From sona pona

    pi is a particle used for grouping modifiers together.

    How it works[edit | edit source]

    By default, each modifier applies to the whole phrase before it[1]:

    jan pona
    good person
    jan pona mute
    many good people

    pi marks the next word as a new head, which takes its own modifiers:

    jan pi pona mute
    very good person

    pi needs to be followed by at least two content words: the new head and a modifier applying to it. If there would only be one word after it, you don't need the pi.

    There is no way to "close" a pi phrase. Instead, modifiers that apply to the first word should be moved before the pi:

    jan pi pana sona
    knowledge-giving person (teacher)
    jan ike pi pana sona
    knowledge-giving bad person (bad teacher)
    1. Some analyze them as all applying to the first word instead, but the distinction often doesn't matter.

    Multiple pi[edit | edit source]

    While not defined in pu, some speakers do use multiple pi in a single phrase. However, this carries a risk of ambiguity as to whether the second pi is contained within the first or not:

    lipu pi sona mute pi toki Inli
    English much-knowledge book (is the book in English or is the knowledge about English?)

    jan Lope argues that, like li and e, both pi phrases apply equally to the first noun in the phrase, rather than nesting.[1] As an example, he gives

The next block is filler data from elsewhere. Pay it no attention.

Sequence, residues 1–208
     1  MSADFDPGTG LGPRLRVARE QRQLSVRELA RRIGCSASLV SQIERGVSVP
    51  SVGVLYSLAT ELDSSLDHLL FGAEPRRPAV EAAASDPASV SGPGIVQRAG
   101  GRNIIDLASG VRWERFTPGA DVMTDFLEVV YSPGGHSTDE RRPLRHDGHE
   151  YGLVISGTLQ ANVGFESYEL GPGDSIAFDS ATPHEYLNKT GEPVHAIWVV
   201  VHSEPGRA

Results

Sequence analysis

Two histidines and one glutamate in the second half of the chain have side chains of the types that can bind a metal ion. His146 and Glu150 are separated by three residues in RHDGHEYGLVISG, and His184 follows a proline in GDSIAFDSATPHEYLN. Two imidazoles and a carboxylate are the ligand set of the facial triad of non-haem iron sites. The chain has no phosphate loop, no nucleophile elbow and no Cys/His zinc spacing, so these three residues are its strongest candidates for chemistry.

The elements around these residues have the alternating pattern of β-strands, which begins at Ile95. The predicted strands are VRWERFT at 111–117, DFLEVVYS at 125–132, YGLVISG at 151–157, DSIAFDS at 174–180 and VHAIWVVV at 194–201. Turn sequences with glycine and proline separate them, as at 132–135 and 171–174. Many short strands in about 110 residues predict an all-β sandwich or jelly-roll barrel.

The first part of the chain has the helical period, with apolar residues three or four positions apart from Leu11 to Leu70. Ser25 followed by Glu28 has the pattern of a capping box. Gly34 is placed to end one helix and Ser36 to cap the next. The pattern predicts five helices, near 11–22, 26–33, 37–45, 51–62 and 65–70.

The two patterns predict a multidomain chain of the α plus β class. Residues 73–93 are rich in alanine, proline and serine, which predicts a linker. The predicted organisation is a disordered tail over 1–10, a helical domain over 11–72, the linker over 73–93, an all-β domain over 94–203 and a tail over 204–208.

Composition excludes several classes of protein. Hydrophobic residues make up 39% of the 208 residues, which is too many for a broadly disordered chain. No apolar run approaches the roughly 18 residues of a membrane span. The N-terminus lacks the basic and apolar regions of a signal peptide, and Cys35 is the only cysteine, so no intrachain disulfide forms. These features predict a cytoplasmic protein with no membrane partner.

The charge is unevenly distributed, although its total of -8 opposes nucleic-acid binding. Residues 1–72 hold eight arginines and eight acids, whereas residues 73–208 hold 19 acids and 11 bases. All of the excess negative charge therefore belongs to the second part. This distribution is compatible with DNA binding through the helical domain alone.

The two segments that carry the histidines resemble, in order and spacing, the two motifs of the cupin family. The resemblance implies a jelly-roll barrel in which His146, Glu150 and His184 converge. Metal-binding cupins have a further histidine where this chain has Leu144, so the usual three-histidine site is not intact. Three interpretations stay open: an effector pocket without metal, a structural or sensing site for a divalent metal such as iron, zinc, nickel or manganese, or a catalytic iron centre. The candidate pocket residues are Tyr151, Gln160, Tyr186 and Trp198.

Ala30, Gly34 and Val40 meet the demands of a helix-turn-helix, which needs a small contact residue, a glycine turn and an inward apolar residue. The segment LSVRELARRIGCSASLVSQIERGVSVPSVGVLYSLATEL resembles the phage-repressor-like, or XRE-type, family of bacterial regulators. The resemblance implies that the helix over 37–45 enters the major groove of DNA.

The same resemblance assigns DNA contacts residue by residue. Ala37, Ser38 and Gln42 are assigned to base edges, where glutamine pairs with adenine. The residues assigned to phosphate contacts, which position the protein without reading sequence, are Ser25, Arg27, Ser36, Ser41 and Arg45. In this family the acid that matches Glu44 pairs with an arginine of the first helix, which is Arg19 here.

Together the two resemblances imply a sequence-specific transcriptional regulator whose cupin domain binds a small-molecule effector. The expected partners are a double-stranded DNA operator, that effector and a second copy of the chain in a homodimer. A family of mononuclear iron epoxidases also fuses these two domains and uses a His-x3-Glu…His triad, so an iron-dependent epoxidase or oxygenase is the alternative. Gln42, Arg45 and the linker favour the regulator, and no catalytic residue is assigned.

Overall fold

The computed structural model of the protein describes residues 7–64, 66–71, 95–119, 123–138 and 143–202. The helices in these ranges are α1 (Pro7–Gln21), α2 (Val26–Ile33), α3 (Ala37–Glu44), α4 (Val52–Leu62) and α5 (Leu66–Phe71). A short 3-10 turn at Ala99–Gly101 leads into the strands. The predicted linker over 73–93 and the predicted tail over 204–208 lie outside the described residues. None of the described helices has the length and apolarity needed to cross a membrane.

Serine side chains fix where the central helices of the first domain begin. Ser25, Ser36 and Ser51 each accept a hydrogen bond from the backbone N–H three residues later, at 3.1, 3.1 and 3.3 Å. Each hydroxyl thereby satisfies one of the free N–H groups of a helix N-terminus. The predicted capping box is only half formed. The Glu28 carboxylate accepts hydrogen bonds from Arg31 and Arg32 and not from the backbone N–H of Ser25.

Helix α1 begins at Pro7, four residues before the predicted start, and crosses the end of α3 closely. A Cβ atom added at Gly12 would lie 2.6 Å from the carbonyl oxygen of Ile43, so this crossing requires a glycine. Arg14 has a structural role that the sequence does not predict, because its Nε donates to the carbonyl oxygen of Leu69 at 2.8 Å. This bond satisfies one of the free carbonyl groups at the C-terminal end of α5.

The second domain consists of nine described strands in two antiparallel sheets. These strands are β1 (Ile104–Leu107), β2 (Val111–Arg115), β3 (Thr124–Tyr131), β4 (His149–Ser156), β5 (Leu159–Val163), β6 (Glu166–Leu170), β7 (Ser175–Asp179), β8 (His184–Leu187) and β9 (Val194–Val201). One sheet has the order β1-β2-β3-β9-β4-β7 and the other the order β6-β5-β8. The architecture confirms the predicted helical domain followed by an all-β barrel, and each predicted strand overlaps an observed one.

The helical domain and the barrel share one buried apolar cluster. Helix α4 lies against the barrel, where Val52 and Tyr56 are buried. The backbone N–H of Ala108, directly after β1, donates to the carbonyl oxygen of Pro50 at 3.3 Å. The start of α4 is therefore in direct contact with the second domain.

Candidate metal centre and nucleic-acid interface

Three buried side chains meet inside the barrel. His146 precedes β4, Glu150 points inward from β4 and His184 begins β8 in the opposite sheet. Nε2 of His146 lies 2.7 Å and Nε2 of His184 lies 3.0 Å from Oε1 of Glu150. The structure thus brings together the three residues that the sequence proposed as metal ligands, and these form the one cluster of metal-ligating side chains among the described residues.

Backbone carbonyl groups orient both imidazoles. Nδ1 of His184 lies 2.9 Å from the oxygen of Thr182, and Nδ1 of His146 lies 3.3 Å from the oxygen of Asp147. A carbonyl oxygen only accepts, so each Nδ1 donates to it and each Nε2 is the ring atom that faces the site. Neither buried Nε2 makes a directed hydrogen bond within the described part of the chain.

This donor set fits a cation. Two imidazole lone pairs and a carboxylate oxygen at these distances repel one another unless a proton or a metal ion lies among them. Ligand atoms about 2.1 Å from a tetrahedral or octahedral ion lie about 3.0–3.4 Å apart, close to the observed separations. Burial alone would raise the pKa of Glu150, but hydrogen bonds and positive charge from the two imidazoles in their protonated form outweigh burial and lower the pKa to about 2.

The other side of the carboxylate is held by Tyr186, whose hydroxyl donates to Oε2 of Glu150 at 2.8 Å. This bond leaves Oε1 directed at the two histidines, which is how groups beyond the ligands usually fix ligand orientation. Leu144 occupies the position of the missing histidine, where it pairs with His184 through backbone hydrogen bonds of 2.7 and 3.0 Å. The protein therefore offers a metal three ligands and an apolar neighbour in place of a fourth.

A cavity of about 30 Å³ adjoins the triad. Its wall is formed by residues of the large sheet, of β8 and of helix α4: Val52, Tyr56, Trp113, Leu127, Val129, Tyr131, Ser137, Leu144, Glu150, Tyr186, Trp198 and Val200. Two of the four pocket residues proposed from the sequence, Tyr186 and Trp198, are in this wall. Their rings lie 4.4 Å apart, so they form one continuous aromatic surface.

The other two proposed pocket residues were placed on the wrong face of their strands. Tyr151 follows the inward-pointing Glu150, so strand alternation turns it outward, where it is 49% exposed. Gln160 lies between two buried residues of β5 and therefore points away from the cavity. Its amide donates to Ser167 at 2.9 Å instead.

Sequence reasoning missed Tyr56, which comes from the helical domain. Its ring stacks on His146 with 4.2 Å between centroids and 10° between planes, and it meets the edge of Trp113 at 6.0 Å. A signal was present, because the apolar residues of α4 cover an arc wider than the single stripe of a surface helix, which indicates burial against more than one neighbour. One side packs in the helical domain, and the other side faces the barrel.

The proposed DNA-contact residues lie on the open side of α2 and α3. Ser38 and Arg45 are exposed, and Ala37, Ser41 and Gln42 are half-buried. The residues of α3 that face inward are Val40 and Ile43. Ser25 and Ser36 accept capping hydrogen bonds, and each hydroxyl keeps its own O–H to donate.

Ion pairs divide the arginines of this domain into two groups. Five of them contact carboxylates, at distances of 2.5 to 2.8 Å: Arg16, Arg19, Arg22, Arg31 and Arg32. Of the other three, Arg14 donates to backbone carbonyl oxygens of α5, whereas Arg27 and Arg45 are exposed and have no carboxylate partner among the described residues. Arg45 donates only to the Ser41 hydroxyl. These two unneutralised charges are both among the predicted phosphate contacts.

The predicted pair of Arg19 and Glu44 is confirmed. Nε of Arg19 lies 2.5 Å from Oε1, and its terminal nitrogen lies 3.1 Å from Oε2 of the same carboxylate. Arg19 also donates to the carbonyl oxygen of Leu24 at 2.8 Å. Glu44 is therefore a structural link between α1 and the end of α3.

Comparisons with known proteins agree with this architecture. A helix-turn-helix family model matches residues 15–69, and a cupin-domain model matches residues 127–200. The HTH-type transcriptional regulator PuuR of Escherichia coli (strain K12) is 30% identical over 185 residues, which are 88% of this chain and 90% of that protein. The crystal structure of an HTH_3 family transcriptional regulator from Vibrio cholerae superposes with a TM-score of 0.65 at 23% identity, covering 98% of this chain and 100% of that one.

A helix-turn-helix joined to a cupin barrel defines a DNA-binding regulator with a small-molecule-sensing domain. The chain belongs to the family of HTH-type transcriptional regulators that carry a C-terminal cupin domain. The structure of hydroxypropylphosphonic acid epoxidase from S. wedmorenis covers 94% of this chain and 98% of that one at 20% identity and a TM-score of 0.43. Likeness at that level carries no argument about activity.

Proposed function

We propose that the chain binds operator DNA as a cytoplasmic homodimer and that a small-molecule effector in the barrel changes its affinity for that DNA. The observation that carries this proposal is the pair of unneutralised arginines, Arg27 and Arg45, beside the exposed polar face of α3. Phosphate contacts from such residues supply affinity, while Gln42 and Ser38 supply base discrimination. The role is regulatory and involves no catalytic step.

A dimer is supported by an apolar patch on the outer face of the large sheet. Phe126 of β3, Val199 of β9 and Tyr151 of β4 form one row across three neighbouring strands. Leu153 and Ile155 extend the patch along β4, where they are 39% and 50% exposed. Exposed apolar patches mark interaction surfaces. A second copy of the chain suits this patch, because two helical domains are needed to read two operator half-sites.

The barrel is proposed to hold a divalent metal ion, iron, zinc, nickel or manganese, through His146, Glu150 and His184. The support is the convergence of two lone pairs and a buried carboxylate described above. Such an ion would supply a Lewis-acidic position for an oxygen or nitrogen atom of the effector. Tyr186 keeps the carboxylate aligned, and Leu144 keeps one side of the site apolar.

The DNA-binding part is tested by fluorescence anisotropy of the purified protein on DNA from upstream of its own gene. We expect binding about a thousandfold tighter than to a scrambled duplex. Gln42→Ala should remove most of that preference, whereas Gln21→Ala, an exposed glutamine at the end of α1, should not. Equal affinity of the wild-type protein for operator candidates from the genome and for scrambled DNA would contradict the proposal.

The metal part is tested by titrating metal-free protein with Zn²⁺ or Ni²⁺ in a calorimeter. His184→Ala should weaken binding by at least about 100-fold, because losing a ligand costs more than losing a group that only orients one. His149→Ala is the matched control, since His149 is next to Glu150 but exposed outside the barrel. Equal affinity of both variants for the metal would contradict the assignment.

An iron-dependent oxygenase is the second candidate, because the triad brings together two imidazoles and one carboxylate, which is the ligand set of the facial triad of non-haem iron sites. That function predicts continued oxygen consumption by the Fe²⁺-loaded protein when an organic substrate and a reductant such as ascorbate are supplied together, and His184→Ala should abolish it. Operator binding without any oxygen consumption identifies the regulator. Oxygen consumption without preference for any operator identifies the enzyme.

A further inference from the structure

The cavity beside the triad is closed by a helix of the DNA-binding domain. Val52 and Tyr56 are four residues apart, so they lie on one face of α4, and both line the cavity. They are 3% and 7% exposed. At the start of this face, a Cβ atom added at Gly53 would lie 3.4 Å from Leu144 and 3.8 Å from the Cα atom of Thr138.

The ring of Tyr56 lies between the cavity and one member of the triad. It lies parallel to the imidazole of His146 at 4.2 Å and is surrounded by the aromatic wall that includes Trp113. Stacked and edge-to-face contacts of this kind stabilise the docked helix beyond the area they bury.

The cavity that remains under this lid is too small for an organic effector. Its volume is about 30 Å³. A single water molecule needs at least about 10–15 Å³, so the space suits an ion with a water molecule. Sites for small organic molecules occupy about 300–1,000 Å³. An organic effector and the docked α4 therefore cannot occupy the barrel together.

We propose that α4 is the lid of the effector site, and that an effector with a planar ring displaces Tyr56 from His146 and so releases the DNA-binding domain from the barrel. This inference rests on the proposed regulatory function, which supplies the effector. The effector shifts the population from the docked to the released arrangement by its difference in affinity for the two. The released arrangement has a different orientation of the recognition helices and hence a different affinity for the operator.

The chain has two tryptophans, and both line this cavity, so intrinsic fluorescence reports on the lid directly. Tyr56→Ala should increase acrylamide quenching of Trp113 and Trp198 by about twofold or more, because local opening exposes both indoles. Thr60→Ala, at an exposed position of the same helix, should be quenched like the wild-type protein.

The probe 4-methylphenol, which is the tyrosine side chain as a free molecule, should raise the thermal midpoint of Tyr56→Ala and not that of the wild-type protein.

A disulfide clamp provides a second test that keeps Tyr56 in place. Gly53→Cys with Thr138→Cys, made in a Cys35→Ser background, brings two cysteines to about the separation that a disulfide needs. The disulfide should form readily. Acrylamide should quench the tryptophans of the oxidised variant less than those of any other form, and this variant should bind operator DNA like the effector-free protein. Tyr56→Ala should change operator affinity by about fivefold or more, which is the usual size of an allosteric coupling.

kulupu pi kalama musi pi ma Inli li pona.
    The English rock band is good.

    The ambiguity is whether it's an English band that plays some sort of music, or a band from somewhere that plays English music. There is little agreement on this matter, and in practice both interpretations are possible.

    Using a single word between the pi does prevent the ambiguity, as a non-nested layout would contain an invalid single-word pi phrase. However, if you feel the need to stack this many modifiers, you might be better off rephrasing the phrase into a sentence:

    kiwen pi soweli pi kute suli
    big-eared animal rock
    kiwen ni li sama soweli pi kute suli
    this rock is like a big-eared animal
    soweli pi kute suli li lawa e kiwen ni
    a big-eared animal rules over this rock

    pi and "of"[edit | edit source]

    Some dictionaries define pi as the English word "of". This can be misleading, as not all instances of "of" translate into pi:

    toki pi pona
    language of good

    It may be more helpful to think of every modifier as having an implied "of" before it:

    kala utala suli
    fish of fighting of bigness

    References[edit | edit source]

    1. [1]jan Lope, "Are multiple pi phrases possible?

    External resources[edit | edit source]